– Since 2017, the presence of amphetamines has been increasing. In the first quarter of 2019 it was present in about 8 percent of opioid-related overdose deaths where there was a toxicology screen.
– The percent of heroin or likely heroin present in opioid-related overdose deaths where there was a toxicology screen has been declining since 2016 and fell to 30 percent in the first quarter of 2019.
– The percentage of prescription opioids present in opioid-related overdose deaths where there was a toxicology screen trended downward from 2014 through 2016 and has remained stable since then. In the first quarter of 2019, approximately 15 percent of opioid-related overdose deaths had prescription opioids present in toxicology.
– In the second quarter of 2019 there were just over 515,000 Schedule II opioid prescriptions reported to the Massachusetts Prescription Monitoring Program (MassPAT); this is a 39 percent decrease from the first quarter of 2015 (n = 841,990 Schedule II opioid prescriptions).
– In the second quarter of 2019, registered MassPAT providers conducted more than 2 million searches, which represented an increase of approximately 200,000 searches since the previous quarter.
Just over 236,000 individuals in Massachusetts received prescriptions for Schedule II opioids in the second quarter of 2019; this is nearly a 40 percent decrease from the first quarter of 2015 (n=390,532).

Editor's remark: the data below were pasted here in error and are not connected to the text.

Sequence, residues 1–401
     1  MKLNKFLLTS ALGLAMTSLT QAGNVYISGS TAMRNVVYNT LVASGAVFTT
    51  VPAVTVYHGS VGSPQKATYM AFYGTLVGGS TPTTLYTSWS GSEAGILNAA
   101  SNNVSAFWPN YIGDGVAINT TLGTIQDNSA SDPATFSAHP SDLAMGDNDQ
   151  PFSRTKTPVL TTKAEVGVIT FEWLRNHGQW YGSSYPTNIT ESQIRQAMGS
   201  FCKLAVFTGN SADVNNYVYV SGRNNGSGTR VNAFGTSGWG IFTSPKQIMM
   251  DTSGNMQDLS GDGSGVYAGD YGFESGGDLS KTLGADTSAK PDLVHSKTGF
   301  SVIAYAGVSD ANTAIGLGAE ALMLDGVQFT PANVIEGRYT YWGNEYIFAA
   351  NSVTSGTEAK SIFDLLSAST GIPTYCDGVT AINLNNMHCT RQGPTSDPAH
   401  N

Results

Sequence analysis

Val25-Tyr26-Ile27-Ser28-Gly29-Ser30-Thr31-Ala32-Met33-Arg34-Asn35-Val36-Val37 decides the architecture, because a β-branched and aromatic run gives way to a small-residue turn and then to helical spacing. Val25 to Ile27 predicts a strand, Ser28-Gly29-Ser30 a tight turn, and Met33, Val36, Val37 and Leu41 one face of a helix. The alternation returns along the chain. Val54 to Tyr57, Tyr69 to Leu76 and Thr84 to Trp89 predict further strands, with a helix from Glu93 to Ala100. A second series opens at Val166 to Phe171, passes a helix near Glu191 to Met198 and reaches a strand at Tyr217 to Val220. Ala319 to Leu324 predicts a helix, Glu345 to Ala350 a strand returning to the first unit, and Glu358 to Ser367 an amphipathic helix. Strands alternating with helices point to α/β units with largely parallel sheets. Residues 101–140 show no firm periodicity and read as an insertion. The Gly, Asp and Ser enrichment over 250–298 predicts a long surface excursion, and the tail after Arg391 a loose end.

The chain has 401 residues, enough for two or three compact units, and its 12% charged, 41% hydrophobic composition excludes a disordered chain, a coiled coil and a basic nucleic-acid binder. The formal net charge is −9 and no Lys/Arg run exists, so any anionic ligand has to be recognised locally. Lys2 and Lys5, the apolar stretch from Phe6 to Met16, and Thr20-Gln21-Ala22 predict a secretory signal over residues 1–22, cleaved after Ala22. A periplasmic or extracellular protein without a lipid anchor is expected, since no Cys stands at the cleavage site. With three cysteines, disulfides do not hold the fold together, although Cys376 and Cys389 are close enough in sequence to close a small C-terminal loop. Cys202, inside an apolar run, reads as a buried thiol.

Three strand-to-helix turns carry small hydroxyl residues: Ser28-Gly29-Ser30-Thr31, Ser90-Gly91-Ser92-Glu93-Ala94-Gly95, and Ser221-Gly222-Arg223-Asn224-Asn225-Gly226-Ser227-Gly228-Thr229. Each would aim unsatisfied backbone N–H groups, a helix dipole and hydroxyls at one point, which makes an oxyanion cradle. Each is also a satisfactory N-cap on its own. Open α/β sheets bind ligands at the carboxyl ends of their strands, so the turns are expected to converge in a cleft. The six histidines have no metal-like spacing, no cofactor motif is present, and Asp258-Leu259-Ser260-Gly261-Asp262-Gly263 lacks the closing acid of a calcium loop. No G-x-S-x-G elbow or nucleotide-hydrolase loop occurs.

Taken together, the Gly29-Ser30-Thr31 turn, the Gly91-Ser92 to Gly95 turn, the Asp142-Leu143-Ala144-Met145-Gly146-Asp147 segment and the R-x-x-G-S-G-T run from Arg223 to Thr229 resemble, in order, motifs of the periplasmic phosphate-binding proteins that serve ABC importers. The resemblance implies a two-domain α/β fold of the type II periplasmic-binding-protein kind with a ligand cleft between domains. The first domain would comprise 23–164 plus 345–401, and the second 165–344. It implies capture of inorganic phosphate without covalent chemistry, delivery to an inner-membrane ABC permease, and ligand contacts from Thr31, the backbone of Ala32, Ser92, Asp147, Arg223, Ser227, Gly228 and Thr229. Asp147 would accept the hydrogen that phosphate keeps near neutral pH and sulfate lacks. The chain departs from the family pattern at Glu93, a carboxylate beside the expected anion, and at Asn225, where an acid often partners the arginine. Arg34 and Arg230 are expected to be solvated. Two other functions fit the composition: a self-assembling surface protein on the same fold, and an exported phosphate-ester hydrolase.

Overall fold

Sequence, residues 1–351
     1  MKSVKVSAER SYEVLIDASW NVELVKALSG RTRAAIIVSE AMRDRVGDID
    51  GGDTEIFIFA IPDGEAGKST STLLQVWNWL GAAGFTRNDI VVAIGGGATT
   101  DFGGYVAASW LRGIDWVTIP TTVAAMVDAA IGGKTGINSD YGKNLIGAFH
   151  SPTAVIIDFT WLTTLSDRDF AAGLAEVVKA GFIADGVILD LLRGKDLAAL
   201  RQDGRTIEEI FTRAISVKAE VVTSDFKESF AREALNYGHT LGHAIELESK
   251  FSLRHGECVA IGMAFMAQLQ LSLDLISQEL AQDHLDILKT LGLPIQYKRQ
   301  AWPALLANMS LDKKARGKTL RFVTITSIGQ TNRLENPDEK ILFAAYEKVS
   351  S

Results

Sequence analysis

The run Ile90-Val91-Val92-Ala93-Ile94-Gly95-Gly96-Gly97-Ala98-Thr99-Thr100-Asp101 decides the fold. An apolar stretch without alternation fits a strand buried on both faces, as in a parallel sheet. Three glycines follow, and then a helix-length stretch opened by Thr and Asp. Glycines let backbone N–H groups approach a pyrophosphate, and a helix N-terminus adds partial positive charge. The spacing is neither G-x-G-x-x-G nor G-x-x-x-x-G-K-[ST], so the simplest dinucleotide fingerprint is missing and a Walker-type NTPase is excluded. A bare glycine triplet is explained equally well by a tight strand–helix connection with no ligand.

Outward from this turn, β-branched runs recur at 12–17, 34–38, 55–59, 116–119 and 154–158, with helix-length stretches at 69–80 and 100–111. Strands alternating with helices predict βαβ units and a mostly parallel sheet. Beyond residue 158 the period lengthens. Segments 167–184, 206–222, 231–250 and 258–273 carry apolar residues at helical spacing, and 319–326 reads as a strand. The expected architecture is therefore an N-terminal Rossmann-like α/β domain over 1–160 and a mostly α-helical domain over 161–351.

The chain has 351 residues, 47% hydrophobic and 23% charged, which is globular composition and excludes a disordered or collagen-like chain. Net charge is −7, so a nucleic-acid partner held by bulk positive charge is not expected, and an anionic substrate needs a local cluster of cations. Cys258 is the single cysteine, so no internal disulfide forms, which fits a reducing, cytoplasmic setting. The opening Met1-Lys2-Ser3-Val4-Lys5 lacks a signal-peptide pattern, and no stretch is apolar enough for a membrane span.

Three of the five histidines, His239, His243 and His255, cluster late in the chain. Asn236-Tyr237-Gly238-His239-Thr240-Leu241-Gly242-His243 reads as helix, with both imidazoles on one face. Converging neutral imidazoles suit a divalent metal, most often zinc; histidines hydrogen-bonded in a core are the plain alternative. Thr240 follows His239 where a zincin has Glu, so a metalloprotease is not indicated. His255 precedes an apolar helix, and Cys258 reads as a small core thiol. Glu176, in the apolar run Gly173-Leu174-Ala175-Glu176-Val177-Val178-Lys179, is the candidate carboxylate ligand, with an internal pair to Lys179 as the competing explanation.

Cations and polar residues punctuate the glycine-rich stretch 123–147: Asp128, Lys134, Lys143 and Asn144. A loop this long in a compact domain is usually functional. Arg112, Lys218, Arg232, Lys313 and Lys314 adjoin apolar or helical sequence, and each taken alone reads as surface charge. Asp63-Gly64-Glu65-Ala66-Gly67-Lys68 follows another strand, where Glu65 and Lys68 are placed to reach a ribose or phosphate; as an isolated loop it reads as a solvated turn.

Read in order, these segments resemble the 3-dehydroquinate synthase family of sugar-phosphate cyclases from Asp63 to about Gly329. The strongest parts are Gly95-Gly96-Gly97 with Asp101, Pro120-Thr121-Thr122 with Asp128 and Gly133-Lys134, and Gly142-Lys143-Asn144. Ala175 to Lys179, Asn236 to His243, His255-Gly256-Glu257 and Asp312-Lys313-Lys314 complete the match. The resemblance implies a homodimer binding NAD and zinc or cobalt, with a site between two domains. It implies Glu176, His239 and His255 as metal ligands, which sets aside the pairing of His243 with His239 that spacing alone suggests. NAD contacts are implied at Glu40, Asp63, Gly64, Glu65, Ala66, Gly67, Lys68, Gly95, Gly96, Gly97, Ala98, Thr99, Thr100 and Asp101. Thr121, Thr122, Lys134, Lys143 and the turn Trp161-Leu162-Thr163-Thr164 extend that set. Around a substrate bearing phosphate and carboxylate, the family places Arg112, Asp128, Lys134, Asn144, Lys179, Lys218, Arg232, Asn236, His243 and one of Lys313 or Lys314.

– In the first three months of 2019, the greatest number of suspected opioid-related overdoses treated by Emergency Medical Services (EMS) continued to be among males aged 25-34, accounting for 24 percent of opioid-related incidents with a known age and gender.
The Baker-Polito Administration, in collaboration with the Legislature, has made significant investments since 2015 to address the opioid epidemic and co-occurring illnesses in the Commonwealth. The FY20 budget signed by Governor Baker last month builds on the progress to date by investing $246 million across several state agencies to address substance misuse prevention and treatment. The U.S. Department of Health and Human Services recently awarded Massachusetts over $6 million to 37 community health centers to establish and expand access to integrated substance use disorder and behavioral health services. As part of the administration’s multi-pronged approach, DPH has also contracted with Boston Medical Center to provide training for hospital emergency department nurses on assessing and treating patients with opioid use disorder.
The Commonwealth is also engaged in efforts to reduce opioid overdoses in the workplace. According to the latest Fatal Injuries at Work Massachusetts Fatality Update (2016-2017), for the first time, unintentional overdose was the leading single cause of death on the job, resulting in 54 deaths during this time period, predominantly in the construction and food services industries. Eighty-five percent of these deaths involved fentanyl. Since 2018, the Commonwealth has committed more than $300,000 in federal funding to develop training and materials on opioid education and prevention in the workplace, with a particular focus on occupations at highest risk.
Learn more about the statewide response to the opioid crisis. To get help for a substance use disorder, visit www.helplinema.org or call the Massachusetts Substance Use Helpline at (800) 327-5050.